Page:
You are invited to join us for our monthly bird banding program at the GCBO headquarters in Lake Jackson on the third Saturday of each month from 8 a.m. to 12 p.m. Licensed bird banders and GCBO Research Associates Robert and Kay Lookingbill band at the sanctuary on a regular basis. Birds are captured for banding in very fine nylon nets known as “mist nets” because they are almost invisible in the environment. Captured birds are weighed and measured and their species, sex, and age are recorded. Each is fitted with an aluminum leg band with a unique number provided by the U.S. Fish & Wildlife Service and released unharmed. If the bird is captured again, the band provides the link to retrieve this history, which then provides important information on the routes used by migrating birds, their longevity, and general physical condition.
The purpose of the project is to establish baseline data for the GCBO property on both resident and migratory bird populations. About half of the 34-acre headquarters tract is old growth Columbia Bottomland hardwood forest. The remaining acreage is partially cleared woodland with the larger trees remaining, the new constructed wetland, and the edges of Buffalo Camp Bayou. Banding will allow us to obtain information about the physical condition of migrants at this intermediate location between the coast and the bottomland forests lying well inland. Both coastal woodlots and inland bottomland forests are known to be extremely important stopover habitats for nearctic-neotropical migrants that move through the Gulf of Mexico region. Birds that are captured for banding can provide valuable information about their relative physical condition. Fat deposits, which provide the fuel necessary for the arduous undertaking of the twice annual travel of hundreds to thousands of miles, can be estimated by examining handheld birds. Recently arrived migrants generally exhibit little or no fat, as their fuel “tank” is depleted by the long flights they have just finished. The importance of stopover habitat to migrants is that it provides them with both shelter and a source of rapid replenishment of the fat reserves necessary to continue migration. In addition, bird banding is an excellent form of public outreach and education.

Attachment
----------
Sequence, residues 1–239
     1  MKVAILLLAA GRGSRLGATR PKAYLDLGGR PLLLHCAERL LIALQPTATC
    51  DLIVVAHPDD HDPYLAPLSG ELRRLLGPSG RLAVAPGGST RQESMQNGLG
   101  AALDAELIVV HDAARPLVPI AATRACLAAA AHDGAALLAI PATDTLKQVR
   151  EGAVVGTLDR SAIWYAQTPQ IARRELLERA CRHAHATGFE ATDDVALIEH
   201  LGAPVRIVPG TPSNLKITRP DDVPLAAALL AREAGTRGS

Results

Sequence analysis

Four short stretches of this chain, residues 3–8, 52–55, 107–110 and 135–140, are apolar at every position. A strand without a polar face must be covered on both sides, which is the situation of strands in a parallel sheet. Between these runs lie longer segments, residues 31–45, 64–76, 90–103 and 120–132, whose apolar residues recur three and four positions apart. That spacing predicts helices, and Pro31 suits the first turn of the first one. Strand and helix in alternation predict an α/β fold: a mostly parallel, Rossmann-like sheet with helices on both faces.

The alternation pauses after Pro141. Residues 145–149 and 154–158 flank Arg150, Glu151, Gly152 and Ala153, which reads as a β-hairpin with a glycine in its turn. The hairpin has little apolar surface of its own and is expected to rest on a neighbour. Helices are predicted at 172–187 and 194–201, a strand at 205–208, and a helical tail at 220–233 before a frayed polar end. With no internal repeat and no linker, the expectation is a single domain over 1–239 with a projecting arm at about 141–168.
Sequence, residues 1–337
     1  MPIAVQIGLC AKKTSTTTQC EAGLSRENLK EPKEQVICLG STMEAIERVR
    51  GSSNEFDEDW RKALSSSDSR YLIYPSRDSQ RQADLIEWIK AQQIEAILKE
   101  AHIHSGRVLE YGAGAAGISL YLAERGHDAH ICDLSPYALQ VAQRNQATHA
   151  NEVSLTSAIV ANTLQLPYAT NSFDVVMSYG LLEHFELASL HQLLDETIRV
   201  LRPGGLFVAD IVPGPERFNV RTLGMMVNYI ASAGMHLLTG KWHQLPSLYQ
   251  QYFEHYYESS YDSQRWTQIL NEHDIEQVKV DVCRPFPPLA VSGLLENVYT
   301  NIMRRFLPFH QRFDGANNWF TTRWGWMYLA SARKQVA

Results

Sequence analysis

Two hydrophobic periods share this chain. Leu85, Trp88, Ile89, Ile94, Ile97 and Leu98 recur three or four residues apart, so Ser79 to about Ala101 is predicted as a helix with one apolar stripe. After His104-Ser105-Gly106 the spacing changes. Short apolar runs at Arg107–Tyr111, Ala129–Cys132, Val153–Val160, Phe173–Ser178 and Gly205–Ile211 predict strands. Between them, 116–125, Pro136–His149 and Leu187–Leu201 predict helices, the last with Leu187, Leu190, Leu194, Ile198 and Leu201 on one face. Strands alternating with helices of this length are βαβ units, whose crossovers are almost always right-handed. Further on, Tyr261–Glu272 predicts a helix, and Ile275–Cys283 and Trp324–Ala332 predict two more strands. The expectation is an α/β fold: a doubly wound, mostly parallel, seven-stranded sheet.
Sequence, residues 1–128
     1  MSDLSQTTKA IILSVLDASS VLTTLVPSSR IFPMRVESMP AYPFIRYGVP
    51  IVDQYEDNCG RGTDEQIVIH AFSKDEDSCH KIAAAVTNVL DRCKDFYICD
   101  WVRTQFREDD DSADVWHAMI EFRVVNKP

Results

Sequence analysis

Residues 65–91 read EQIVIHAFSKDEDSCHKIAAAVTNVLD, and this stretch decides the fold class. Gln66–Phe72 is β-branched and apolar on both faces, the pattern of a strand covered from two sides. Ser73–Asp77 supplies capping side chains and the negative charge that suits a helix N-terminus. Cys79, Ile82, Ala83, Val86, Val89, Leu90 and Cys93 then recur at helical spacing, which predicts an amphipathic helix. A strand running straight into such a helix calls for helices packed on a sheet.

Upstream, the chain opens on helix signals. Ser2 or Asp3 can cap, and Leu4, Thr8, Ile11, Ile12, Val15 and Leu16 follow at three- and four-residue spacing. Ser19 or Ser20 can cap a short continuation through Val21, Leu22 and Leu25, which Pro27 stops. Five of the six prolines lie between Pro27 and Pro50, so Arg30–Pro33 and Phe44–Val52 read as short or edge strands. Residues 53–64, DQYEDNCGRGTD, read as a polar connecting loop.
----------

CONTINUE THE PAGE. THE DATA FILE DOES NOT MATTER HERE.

Please check our website or social media pages for any last minute changes in the monitoring dates. Funding for this program has been generously provided by a grant from the U.S. Fish and Wildlife Service Texas Coastal Program office in Clear Lake, Texas and ConocoPhillips Sweeny Refinery.